As this research suggests, Covid-19 has changed the way people spend their time. Yet there is no empirical research on time use beyond productivity. In this article, the authors sought to understand how different groups of people in different countries spent their time during the pandemic. They also examined whether perceived differences in time use predict differences in subjective well-being (SWB)
SWB refers to a person's overall evaluation of how happy they are and includes both a cognitive (i.e., assessments of a person's quality of life) and an emotional component (i.e., high positive affect, low negative affect).
Recent research has begun to investigate the relationship between time use and happiness and how this relationship depends on factors such as wealth and other demographic characteristics.
Spending time on active leisure activities, such as socializing or exercising, can promote happiness. However, certain groups in society, mainly low-income women, tend to spend most of their time on essentials (eg household and caring tasks), leaving them "time-poor" and having little time for leisure activities.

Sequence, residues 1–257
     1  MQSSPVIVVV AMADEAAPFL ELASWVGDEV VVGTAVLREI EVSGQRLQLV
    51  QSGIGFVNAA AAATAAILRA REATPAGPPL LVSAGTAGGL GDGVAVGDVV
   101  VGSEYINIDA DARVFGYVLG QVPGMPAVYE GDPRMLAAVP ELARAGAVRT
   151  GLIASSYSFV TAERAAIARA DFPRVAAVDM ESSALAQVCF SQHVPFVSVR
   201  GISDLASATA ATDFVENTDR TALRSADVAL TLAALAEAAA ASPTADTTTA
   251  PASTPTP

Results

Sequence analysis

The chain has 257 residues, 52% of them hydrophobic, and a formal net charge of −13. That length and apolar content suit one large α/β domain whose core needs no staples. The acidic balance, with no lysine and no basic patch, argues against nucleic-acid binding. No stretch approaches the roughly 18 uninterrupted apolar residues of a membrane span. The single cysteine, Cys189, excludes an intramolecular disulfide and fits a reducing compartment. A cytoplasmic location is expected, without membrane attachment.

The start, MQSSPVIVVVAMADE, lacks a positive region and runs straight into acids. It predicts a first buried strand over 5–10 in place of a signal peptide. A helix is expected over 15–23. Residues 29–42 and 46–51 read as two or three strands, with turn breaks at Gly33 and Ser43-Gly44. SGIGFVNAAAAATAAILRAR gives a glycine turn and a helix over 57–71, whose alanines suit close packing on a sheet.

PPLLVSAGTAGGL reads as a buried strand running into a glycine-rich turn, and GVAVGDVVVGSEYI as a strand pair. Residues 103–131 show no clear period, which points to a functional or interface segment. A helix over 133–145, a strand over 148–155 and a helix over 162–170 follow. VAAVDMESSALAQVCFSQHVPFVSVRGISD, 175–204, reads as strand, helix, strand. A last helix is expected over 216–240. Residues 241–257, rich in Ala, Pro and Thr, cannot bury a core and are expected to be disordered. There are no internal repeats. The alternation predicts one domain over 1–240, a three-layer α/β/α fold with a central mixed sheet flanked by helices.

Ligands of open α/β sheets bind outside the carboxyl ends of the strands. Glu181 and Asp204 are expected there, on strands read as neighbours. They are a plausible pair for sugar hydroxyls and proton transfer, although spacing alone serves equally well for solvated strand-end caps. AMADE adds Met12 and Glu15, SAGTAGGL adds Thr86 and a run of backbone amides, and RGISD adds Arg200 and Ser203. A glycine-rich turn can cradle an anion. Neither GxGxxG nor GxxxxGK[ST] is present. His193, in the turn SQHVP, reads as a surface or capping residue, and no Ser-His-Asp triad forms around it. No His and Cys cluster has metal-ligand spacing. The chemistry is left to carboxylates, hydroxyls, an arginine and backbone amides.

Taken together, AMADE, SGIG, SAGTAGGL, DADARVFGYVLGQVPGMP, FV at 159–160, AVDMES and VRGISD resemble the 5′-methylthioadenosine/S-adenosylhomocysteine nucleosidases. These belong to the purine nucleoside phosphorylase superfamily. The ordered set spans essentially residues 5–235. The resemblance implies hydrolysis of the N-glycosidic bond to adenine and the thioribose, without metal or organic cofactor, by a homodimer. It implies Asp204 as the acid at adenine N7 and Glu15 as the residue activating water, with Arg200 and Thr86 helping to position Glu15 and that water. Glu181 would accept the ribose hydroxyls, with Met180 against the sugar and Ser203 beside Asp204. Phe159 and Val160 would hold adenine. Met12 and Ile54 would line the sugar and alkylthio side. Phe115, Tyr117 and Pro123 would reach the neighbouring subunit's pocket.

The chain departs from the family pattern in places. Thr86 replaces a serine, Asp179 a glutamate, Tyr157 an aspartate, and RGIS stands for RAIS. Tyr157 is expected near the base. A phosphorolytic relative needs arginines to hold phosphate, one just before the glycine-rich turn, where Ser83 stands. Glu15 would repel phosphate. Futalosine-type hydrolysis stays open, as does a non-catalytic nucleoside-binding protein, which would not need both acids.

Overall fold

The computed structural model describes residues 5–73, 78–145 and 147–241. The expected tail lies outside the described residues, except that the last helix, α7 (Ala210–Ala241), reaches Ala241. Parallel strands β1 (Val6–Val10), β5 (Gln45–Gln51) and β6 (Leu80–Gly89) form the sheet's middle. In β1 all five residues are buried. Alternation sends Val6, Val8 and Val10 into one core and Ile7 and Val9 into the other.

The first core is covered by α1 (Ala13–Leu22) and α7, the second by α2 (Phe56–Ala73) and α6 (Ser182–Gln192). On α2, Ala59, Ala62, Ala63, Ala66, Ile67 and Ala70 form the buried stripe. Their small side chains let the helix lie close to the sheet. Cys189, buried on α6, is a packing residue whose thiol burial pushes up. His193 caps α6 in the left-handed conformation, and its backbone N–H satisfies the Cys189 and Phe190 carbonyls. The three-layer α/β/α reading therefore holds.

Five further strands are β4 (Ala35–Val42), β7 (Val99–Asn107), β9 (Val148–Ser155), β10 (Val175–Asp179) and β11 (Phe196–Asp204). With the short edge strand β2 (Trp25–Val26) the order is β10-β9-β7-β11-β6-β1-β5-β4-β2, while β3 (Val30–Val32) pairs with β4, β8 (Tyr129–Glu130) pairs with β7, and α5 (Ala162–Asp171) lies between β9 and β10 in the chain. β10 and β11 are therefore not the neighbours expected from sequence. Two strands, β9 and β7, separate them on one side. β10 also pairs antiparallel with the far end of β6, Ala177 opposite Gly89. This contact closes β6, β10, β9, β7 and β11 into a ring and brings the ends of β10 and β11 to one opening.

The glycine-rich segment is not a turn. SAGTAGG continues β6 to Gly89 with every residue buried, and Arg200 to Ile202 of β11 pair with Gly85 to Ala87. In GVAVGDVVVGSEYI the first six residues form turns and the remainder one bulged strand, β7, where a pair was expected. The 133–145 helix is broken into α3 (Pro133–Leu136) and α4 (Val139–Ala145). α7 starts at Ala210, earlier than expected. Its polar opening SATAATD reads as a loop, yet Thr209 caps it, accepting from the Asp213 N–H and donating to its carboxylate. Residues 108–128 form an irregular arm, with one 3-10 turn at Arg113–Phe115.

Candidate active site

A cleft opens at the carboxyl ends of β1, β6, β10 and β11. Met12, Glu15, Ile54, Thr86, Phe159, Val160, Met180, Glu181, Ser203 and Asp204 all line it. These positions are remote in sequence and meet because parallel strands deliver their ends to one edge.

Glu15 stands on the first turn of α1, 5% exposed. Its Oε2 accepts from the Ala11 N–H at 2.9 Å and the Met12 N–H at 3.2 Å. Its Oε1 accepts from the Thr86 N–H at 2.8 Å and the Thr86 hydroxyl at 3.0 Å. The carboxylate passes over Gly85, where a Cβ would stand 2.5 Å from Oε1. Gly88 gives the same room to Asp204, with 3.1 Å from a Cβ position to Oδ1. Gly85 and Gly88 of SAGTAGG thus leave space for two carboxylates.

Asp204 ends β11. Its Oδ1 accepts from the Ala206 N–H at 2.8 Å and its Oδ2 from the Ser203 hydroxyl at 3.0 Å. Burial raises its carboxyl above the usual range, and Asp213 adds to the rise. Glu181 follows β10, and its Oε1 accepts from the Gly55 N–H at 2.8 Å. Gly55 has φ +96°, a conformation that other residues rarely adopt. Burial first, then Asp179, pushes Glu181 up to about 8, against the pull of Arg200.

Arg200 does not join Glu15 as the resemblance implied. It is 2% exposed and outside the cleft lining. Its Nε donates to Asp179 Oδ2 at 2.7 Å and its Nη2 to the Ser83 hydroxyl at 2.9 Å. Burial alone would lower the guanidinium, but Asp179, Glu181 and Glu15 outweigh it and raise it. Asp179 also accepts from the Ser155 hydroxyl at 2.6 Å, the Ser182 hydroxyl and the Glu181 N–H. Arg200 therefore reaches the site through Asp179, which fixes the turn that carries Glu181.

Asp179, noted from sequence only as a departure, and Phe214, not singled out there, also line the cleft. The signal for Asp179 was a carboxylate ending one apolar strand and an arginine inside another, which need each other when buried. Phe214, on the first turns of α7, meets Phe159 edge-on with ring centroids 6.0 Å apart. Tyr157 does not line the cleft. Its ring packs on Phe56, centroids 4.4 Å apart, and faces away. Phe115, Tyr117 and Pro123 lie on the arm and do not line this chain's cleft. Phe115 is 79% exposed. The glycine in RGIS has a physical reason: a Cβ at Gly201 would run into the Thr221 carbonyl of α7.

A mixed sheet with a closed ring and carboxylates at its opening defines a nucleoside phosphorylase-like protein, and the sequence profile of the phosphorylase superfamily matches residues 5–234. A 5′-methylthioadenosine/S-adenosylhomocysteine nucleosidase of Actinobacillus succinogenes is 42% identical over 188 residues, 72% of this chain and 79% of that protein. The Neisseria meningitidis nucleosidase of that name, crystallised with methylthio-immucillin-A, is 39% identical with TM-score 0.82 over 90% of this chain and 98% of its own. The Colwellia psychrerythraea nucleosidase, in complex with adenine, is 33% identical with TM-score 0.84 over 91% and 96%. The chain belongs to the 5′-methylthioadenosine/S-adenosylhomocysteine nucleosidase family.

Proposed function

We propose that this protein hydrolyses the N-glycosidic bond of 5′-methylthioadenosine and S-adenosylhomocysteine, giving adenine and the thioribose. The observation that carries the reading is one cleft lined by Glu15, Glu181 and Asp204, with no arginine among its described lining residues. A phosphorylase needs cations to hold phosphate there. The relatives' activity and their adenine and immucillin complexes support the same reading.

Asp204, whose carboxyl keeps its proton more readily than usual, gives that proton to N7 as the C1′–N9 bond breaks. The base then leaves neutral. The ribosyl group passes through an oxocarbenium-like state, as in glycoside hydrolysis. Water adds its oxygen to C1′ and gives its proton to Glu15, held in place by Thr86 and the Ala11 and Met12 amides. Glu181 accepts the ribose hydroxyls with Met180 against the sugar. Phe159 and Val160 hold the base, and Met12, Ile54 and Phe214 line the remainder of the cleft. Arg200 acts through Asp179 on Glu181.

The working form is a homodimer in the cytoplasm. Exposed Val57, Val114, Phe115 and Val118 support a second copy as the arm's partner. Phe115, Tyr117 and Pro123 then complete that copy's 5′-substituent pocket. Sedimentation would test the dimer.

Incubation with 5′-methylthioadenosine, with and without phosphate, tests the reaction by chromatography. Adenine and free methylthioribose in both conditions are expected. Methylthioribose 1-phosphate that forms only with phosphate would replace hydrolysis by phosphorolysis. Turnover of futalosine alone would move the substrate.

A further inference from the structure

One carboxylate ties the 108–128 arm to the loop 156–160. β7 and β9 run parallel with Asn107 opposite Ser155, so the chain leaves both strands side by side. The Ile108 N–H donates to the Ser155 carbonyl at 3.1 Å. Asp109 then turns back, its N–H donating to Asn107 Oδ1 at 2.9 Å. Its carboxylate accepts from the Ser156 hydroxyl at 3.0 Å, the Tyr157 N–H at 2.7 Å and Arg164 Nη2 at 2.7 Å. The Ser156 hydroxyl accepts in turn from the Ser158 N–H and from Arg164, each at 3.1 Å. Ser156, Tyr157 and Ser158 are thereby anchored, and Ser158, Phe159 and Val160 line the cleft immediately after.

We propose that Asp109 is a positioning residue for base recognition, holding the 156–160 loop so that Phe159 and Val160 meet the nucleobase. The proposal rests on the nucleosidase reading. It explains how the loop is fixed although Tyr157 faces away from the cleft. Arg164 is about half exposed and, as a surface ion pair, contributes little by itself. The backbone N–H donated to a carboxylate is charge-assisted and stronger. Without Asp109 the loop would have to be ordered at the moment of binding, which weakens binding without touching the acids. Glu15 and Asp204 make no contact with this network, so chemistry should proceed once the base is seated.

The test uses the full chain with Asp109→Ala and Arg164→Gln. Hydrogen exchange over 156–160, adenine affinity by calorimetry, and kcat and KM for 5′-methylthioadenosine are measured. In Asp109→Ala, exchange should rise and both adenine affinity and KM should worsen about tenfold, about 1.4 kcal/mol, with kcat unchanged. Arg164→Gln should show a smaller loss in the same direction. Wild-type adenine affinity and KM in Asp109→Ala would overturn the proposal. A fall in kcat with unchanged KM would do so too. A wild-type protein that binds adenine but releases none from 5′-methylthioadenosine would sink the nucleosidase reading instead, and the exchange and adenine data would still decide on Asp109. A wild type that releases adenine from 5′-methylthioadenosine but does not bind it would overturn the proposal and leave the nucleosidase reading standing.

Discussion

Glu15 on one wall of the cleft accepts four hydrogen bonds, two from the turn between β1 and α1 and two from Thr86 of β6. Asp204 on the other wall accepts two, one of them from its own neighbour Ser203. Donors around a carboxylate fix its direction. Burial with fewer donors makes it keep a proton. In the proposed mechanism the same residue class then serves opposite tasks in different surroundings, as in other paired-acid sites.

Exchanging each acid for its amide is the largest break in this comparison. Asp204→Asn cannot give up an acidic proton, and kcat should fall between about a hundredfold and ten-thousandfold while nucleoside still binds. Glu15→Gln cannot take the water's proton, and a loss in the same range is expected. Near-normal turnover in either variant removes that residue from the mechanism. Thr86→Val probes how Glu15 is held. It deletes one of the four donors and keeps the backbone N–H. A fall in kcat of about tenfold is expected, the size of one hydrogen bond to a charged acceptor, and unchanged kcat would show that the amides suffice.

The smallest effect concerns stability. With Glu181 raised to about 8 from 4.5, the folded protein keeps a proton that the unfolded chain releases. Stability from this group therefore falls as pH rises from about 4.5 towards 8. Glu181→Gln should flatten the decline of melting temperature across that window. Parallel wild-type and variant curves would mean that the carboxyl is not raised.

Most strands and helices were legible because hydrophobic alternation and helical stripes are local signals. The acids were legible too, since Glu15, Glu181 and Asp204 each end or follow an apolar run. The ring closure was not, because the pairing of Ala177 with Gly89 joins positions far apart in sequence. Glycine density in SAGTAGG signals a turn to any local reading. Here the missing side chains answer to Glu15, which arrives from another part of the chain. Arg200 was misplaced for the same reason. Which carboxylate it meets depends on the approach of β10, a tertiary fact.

Covid-19 offers a unique opportunity to study differences in time use and SWB for two main reasons. First, recent estimates from the Gallup organization suggested that the average number of days people around the world worked from home during the pandemic more than doubled compared to fall 2019.
This has likely resulted in many households having both members of the household work from home, which, in theory, should equalize or at least narrow the gender gap between mothers and fathers in the time spent on necessities of life. Second, recent estimates suggested that in the United States alone, daily commuting has saved working adults 89 million hours a week since the pandemic began.
Less commuting could also give people more time to participate in leisure activities. Thus, we might expect individuals to engage in more (versus less) active leisure activities and show more self-reported happiness as a result of this increase in leisure activities.